While some of these problems are an unavoidable consequence of abdominal surgery, the clinician can take steps to reduce or prevent other practices that contribute to prolonged ileus. These include:

• Avoiding aggressive pre-operative mechanical bowel prep and excessive pre-operative fasting if possible [7]

• Use of NSAIDs such as ketorolac (Toradol) to reduce opioid use [7]; use of PCA has been shown to slightly prolong postoperative ileus, but is not associated with increased length of hospital stay, and provides improved analgesia without increasing cumulative opioid dose [13]

• Stimulant laxatives such as biscodyl (Dulcolax) in place of stool softeners such as docusate (Colace) [7,14]

Early ambulation

In addition to psychologically preparing patients for discharge and resuming their independence and daily activities, early ambulation is one of the key steps in prevention of deep vein thrombosis. DVT and pulmonary embolus remain among the most significant causes of morbidity and mortality in post-operative patients, in spite of well-known means of prophylaxis, including sequential compression devices during periods of immobilization, chemoprophylaxis with temporary anticoagulation, and early ambulation.

In order to successfully implement early ambulation in a safe manner, the entire care team must be involved, especially in removing barriers to early ambulation. Unless contraindicated, removal of the foley catheter in the morning of post-operative day 1 will make ambulating more comfortable and will incentivize ambulating to the restroom. Although there is little data from gynecology regarding optimal duration of bladder drainage, literature from colorectal surgery indicates that removing the catheter on day 1 reduces incidence of UTI and is not associated with higher rates of urinary retention [15]. Nursing must be involved in encouraging patients out of bed and assisting patients during ambulation to prevent falls. Overuse of opioid medication has been shown to delay ambulation by causing decreases in arterial pressure that result in orthostatic intolerance [16]. Combining NSAIDs with less potent opioids rather than relying solely on potent opioids will improve a patient’s ability to ambulate on post-operative day 1, and may prevent complications such as falls and syncope.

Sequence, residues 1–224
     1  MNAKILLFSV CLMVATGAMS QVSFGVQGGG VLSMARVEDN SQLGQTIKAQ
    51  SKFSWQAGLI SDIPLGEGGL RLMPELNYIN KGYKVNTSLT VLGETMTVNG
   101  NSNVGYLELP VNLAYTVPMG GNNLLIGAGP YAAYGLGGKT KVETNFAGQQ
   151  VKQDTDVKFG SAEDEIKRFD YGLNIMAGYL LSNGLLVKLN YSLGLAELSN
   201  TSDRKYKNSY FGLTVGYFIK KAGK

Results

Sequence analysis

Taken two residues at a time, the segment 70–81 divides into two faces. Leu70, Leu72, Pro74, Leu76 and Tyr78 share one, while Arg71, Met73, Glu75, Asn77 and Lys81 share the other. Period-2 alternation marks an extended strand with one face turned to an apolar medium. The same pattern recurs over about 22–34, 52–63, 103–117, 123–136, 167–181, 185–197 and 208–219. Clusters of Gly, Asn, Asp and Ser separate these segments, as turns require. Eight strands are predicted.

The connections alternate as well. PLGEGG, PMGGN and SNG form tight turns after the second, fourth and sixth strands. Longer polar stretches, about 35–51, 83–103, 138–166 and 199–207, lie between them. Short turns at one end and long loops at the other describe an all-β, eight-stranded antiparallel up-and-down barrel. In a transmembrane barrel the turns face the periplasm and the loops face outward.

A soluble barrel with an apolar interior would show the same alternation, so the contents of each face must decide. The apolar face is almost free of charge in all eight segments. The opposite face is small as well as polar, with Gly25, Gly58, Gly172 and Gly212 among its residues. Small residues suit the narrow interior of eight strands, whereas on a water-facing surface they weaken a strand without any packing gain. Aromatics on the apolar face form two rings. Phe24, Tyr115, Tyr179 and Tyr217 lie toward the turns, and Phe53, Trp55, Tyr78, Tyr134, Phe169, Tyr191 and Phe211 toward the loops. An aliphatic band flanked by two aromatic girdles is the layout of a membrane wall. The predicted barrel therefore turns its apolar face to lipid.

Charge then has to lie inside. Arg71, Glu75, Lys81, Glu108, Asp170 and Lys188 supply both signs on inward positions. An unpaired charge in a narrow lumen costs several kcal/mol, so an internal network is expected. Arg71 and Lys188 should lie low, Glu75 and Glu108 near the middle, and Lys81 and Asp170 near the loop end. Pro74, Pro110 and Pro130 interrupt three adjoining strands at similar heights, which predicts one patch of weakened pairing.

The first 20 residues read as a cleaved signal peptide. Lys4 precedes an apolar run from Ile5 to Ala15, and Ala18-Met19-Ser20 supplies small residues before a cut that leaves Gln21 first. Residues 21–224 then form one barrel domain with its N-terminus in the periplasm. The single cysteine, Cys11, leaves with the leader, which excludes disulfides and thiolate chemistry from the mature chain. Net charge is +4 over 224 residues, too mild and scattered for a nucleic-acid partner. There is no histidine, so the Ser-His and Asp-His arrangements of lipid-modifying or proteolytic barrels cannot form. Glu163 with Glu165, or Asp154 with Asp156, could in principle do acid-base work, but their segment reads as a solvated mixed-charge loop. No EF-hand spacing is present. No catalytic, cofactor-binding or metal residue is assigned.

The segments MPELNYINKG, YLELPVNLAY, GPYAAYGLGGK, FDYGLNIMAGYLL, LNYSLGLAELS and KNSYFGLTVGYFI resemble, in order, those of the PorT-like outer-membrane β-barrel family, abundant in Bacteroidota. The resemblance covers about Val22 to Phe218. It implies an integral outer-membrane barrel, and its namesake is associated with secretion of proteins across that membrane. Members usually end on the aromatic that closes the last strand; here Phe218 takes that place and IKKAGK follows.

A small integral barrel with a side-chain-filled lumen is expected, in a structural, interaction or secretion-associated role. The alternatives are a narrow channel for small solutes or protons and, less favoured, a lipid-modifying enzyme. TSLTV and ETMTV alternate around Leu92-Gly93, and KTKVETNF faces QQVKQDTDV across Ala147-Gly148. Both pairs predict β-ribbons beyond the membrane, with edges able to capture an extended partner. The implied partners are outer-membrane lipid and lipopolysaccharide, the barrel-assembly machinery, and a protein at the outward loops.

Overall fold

It has been suggested (and many practitioners believe) that ambulation promotes early passing of flatus. However, a study of 34 patients did not show increased seromuscular activity in the GI tract after early ambulation.

Patient education and pre-operative counseling

Patient expectations have been shown to influence post-operative outcomes. Specifically, appropriate pre-operative counseling regarding expected length of hospital stay and appropriate anticipation of pain level post-operatively has actually been shown to improve overall patient perception of pain [17]. Anxiety is associated with a slower and more complicated post-operative course, as anxiety influences behavioral, psychological, and even neuroimmunological function, and exaggerates perception of pain. It is known that psychological stress prolongs wound healing [18]. Thus, detailed pre-operative counseling can play a role in alleviating patient anxiety, so that the patient knows what to expect.

Fast track

One problem with many of the previously described methods of improving post-operative recovery is that from a clinical standpoint, the reductions in hospital stay and return to normal functioning is modest at best. However, there has recently been a trend toward the socalled “fast-track” approach to peri-operative care, in which the entire care team is involved in a multi-modal, coordinated effort involving many different evidence-based methods of hastening post-operative recovery simultaneously [19]. This has been the standard for most surgical specialties in Europe [20], where many of these protocols were developed. Recently, AJOG published a similar “fast-track” protocol for gynecological oncology patients undergoing laparotomy [21]. A retrospective study was performed, looking at length of hospital stay, readmission rates, and post-operative complications in 880 oncology patients in Southern California whose post-operative care was dictated by a “fast-track” clinical pathway involving seven elements: